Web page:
but only if they were connected as “friends” on Enmesh. would make their clients feel most comfortable. The care
1522 Qualitative Health Research 25(11)

managers’ role in obtaining consent, however, was only to obliged to report back that they enjoyed the study,
identify suitable clients and to gain permission for because their care managers had suggested it would be
researchers to contact the clients. Care managers did not “good for them.”
explain the project in detail to clients and did not ask cli- One participant was clearly motivated to continue tak-
ents to sign consent forms. ing part in the project because she wanted to please her
Recruiting through the care organization enabled us to care manager. This client, aged in her 90s, was particu-
identify and target the people that this project aimed to larly frail and dependent on others for support. At several
support, but it created two opportunities for reflection points during the study, she expressed disinterest in the
about ethical issues that can be problematic in this iPad, but then exclaimed, “Don’t tell her [care manager]!
research setting. First, there was a risk that participants She’ll put me into a home, she will.” Although said with
might have experienced stigma knowing their care man- some jest, this statement reveals an underlying motiva-
agers had identified them as socially isolated (this issue tion to impress the care manager. The client wanted to
has been discussed previously by Russell, 1999). In our portray a particular image of herself as an independent
studies, we did not explicitly inform clients that they had person to reassure the care manager that she was still
been identified as suitable to take part because they were capable of looking after herself. Being seen to disengage
considered to be socially isolated. However, during the from the project because she did not want to use the iPad
process of informed consent, the purpose of the study was (primarily due to her deteriorating eyesight) would have
made clear. At this stage, some participants clarified that compromised this image. This is the only case we encoun-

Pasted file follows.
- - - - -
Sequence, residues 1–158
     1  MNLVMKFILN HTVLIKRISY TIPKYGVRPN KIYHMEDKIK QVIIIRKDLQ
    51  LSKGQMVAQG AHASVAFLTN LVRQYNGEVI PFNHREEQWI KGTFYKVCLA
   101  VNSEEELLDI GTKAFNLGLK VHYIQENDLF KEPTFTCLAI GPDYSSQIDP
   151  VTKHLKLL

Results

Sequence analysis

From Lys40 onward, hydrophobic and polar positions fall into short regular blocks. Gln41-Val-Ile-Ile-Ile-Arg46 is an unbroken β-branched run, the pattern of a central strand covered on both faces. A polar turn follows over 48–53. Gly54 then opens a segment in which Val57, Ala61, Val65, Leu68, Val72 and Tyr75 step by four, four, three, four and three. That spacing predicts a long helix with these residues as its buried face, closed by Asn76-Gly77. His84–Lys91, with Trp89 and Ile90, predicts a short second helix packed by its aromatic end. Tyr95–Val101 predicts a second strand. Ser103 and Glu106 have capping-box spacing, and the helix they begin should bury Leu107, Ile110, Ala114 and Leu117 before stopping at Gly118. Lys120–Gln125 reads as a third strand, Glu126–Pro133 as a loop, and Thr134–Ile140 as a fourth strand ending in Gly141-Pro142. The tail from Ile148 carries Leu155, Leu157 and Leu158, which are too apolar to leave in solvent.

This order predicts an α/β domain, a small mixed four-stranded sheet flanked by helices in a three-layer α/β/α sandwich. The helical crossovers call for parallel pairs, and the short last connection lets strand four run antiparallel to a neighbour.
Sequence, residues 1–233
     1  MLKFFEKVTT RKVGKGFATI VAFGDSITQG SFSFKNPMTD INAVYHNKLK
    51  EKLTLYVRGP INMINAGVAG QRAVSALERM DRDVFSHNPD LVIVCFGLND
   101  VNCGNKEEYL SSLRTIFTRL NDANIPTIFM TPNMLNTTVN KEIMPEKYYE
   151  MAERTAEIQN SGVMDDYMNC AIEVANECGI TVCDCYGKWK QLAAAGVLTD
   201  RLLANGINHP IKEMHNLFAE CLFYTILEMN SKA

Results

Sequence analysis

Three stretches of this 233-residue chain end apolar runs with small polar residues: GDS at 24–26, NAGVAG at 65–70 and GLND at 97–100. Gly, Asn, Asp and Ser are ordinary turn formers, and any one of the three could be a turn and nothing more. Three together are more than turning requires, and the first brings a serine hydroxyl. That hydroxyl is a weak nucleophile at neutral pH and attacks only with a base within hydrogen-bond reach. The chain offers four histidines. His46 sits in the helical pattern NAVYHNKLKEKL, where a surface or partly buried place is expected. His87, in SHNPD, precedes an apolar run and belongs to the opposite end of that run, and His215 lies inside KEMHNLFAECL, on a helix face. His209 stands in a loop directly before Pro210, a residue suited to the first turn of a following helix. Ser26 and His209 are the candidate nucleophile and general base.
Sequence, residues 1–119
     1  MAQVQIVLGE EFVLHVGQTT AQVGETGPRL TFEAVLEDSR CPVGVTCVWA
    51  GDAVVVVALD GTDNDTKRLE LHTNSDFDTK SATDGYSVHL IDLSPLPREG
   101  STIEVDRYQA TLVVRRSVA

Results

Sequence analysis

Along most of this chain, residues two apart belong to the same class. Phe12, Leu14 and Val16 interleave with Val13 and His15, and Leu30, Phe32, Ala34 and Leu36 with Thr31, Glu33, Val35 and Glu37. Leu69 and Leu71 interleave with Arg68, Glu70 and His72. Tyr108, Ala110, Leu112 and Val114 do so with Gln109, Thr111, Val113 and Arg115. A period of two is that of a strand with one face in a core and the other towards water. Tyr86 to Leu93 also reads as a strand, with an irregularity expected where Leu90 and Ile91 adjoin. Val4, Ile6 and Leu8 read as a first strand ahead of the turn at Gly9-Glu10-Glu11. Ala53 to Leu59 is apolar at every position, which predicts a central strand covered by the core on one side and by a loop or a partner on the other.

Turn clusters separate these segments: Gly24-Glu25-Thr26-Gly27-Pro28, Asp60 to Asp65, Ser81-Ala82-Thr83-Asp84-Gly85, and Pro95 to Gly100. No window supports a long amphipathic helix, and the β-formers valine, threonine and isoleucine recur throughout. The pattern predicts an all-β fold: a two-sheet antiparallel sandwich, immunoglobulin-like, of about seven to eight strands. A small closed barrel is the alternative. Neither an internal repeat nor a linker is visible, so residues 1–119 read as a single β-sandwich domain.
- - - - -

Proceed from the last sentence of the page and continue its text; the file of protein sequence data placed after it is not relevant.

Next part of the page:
they did not consider themselves to be isolated or lonely, tered where the client’s relationship with the care pro-
but were happy to take part in the project. One client vider created an ethical challenge, but it highlights the
chose to withdraw from the project because she found the need for clear guidelines on encouragement and coercion
focus on social isolation to be confronting (Waycott, when managing the implementation of similar sociotech-
Vetere, & Pedell, 2013); in this case, we offered follow- nical interventions via care providers in the future.
up support to the client through the care manager. Other
clients typically viewed the project as an opportunity to
try something new. They were pleased their care manager
Introducing the Technology
had considered them to be capable of learning to use an We faced two ethical challenges when introducing the
iPad and were keen to explore new opportunities to con- technology: (a) managing participants’ expectations
nect with other people. about the technology and, by extension, the project; and
Second, this method of recruitment led us to reflect on (b) reassuring participants that they were capable of using
the dependent relationship between clients and care pro- the technology without coercing them to participate.
viders. Although care managers did not recruit partici- During the introductory meetings, we explained to par-